Here is a terrific article published at Slate back in 2014 about the failings and consequences of so-called "Broken windows" policing.  The article traces "broken windows" from its origin in the plainly racist work of sociologist Edward Banfield who argued that poverty is a "pathology" of  lower class behavior. Which is a fancy way of saying black people have too much freedom.
Like many people, Banfield believed the urban unrest of the late 1960s had been stoked by matters of civil rights. But Banfield believed the problem was that the lower classes had too many of them. Criminal behavior was human nature—or, rather, in the nature of a specific subset of lower-class humans. “So long as there are large concentrations of boys and young men of the lower classes on the streets, rampages and forays are to be expected,” Banfield wrote. The clear solution was to remove these lower-class youths from the streets posthaste.
As gross as that was, our most plainly racist and classist policies rarely gain serious traction until they are adopted and promulgated by our respectable liberal intellectuals. This is more or less why publications like The Atlantic exist.
In their 1982 Atlantic article, titled “Broken Windows,” Kelling and Wilson argued that community safety can be negatively affected by a surfeit of “disreputable or obstreperous or unpredictable people: panhandlers, drunks, addicts, rowdy teenagers, prostitutes, loiterers, the mentally disturbed.” A preponderance of lower-class layabouts makes a neighborhood feel unsafe to its law-abiding residents; these residents hunker down or disassociate or move away, and soon the neighborhood actually becomes unsafe. Better, then, to stop this process before it starts, and to target minor deviant behaviors before they become something worse.

This theory encourages the police to conflate supposed cultural deviance with criminal deviance, to assume that a “disreputable or obstreperous” demeanor indicates some more destructive pathology. Kelling and Wilson cited the example of one effective Newark, New Jersey, police officer who had the habit of “taking informal or extralegal steps to help protect what the neighborhood had decided was the appropriate level of public order.” In other words, he targeted those who deviate from behavioral norms—norms that are defined by the dominant social class, of course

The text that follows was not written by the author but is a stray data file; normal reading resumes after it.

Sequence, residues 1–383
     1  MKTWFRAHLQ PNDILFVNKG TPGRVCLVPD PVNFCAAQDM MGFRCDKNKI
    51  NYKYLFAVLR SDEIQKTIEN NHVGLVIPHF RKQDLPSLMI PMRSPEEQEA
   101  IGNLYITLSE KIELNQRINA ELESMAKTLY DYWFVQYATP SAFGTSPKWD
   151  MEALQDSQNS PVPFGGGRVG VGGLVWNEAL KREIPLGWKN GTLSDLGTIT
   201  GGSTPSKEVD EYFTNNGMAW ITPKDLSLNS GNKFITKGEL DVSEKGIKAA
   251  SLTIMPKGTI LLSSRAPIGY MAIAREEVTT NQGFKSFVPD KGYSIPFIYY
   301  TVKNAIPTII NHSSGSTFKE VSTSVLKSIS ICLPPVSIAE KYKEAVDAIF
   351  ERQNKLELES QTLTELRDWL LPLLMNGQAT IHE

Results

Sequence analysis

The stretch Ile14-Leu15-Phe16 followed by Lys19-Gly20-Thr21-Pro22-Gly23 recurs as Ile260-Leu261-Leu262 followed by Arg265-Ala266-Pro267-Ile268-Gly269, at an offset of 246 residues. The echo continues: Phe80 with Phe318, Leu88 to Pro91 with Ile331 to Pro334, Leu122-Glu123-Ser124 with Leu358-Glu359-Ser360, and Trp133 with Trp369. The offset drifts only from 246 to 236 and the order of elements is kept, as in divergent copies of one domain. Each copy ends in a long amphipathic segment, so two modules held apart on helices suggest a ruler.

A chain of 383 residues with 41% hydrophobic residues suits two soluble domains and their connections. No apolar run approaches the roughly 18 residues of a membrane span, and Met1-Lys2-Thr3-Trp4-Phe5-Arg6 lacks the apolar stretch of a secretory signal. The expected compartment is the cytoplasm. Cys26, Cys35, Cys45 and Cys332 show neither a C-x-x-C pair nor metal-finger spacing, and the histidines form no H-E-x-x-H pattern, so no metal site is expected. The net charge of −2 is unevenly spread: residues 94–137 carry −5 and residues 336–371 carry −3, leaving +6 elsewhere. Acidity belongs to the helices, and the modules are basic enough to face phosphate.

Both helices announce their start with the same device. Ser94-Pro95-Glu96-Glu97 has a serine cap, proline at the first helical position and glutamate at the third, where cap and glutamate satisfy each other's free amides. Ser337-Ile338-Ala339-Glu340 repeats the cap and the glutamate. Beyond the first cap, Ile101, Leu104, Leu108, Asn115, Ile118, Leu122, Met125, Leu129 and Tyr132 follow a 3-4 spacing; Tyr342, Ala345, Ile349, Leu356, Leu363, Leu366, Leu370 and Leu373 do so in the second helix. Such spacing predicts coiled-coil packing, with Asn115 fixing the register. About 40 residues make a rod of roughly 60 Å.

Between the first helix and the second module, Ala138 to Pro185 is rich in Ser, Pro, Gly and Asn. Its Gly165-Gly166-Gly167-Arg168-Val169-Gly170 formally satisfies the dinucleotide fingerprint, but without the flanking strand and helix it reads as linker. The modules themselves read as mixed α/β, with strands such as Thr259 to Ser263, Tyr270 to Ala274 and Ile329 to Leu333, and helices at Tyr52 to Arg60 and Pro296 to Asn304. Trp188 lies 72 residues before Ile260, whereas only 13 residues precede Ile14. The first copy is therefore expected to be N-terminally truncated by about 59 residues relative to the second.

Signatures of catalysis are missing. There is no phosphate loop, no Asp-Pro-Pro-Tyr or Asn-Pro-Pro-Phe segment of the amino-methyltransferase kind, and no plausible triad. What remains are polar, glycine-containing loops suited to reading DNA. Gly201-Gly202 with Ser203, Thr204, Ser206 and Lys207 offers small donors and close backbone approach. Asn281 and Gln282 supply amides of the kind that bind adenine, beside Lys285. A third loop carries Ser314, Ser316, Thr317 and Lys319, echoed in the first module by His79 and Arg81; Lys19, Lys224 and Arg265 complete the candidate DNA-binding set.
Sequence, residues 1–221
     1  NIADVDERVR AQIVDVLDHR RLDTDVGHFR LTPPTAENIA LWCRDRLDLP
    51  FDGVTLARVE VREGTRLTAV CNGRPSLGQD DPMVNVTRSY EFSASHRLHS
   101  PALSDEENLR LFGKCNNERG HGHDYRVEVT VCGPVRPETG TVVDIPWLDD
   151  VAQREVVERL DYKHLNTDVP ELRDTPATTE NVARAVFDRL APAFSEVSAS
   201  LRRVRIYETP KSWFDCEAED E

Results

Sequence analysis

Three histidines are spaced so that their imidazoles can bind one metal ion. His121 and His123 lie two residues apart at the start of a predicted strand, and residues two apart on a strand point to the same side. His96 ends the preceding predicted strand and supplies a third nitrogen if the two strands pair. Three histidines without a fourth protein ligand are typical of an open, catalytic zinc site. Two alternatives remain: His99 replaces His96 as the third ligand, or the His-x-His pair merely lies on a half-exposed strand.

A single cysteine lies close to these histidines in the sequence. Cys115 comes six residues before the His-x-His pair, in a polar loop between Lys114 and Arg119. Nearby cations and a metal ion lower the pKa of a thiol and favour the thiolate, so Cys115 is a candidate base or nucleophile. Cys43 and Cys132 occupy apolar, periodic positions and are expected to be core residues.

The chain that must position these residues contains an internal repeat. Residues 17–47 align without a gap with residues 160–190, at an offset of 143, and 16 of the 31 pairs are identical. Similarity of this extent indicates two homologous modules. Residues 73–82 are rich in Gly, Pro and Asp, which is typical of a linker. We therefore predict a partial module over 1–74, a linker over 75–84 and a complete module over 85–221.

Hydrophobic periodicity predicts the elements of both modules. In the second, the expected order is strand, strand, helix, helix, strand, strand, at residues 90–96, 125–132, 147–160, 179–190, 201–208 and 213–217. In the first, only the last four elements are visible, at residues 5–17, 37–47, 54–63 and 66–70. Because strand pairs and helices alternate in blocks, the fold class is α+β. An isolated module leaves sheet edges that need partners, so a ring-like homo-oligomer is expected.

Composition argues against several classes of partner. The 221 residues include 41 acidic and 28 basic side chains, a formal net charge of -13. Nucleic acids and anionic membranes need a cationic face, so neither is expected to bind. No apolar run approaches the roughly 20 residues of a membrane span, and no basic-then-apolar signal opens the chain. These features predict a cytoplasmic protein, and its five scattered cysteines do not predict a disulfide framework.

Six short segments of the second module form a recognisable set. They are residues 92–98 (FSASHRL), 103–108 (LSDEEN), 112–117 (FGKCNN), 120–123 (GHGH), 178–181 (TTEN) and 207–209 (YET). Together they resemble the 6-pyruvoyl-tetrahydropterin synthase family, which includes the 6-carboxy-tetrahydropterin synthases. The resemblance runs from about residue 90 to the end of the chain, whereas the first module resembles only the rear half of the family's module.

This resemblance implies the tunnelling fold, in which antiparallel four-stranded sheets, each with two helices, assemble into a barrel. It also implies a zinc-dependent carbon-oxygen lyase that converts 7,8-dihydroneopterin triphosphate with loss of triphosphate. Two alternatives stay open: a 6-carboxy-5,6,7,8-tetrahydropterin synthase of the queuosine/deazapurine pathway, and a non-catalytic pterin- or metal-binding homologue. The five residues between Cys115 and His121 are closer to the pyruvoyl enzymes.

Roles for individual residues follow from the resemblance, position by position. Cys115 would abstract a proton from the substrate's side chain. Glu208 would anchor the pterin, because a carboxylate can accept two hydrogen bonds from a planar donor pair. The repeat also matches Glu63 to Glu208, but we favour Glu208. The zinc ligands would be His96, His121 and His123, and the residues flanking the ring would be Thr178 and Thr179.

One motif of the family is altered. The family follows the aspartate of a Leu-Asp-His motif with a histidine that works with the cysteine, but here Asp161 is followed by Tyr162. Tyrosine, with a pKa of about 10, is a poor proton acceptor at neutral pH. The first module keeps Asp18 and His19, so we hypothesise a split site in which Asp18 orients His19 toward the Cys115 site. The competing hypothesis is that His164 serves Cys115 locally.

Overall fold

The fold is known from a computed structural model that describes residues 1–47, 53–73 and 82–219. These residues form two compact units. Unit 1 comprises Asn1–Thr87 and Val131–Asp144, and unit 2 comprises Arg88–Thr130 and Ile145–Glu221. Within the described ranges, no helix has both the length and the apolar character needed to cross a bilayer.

"Obstreperous" and "unpredictable" people have too much freedom in New Orleans.  Or this, at least is what the mayor would have us believe.  The security plan proposes to remedy this problem through deliberate efforts to "reduce the culture of permissiveness."  The cameras are meant to do this, obviously. As is the crackdown on "Adult Entertainment Venues." As are possible restrictions on vehicular traffic. As are the various other "place based design" strategies meant to curtail, "antisocial, criminal, or other negative behaviors" as the security plan reads here.
By using place-based design solutions that address the physical aspects of the area, the City can encourage behavior that will make the French Quarter and Bourbon Street safer. Public spaces can - through poor design and care - foster antisocial, criminal, or other negative behaviors. Alternatively, public spaces can be reinvested in to encourage connectivity, positive interactions, and individual and communal responsibility. In order to create a place that business and property owners and the public respect, the French Quarter needs an improved image, sense of purpose, and orientation. By investing in street amenities such as benches, planters, seating areas, and trash cans – small investments that can make a big difference to the look and feel of a place – the City plans to enhance the quality of life and the security of the French Quarter.

As a method of crime prevention, broken windows policing doesn't work. But it can be an effective rationale for deploying public money and resources toward the purposes of political suppression and f social control. Which in the eyes of its primary funders in the hospitality industry, is what the security plan is really about.  A less organic, more predictable entertainment district is easier to manage as an asset than is a living, breathing, mixed use urban neighborhood.  Maybe the mayor genuinely shares this vision. At the very least his pursuit of political and financial opportunism leaves him indifferent to their consequences. If one of those consequences is we turn Bourbon Street into Fulton Street, then so be it.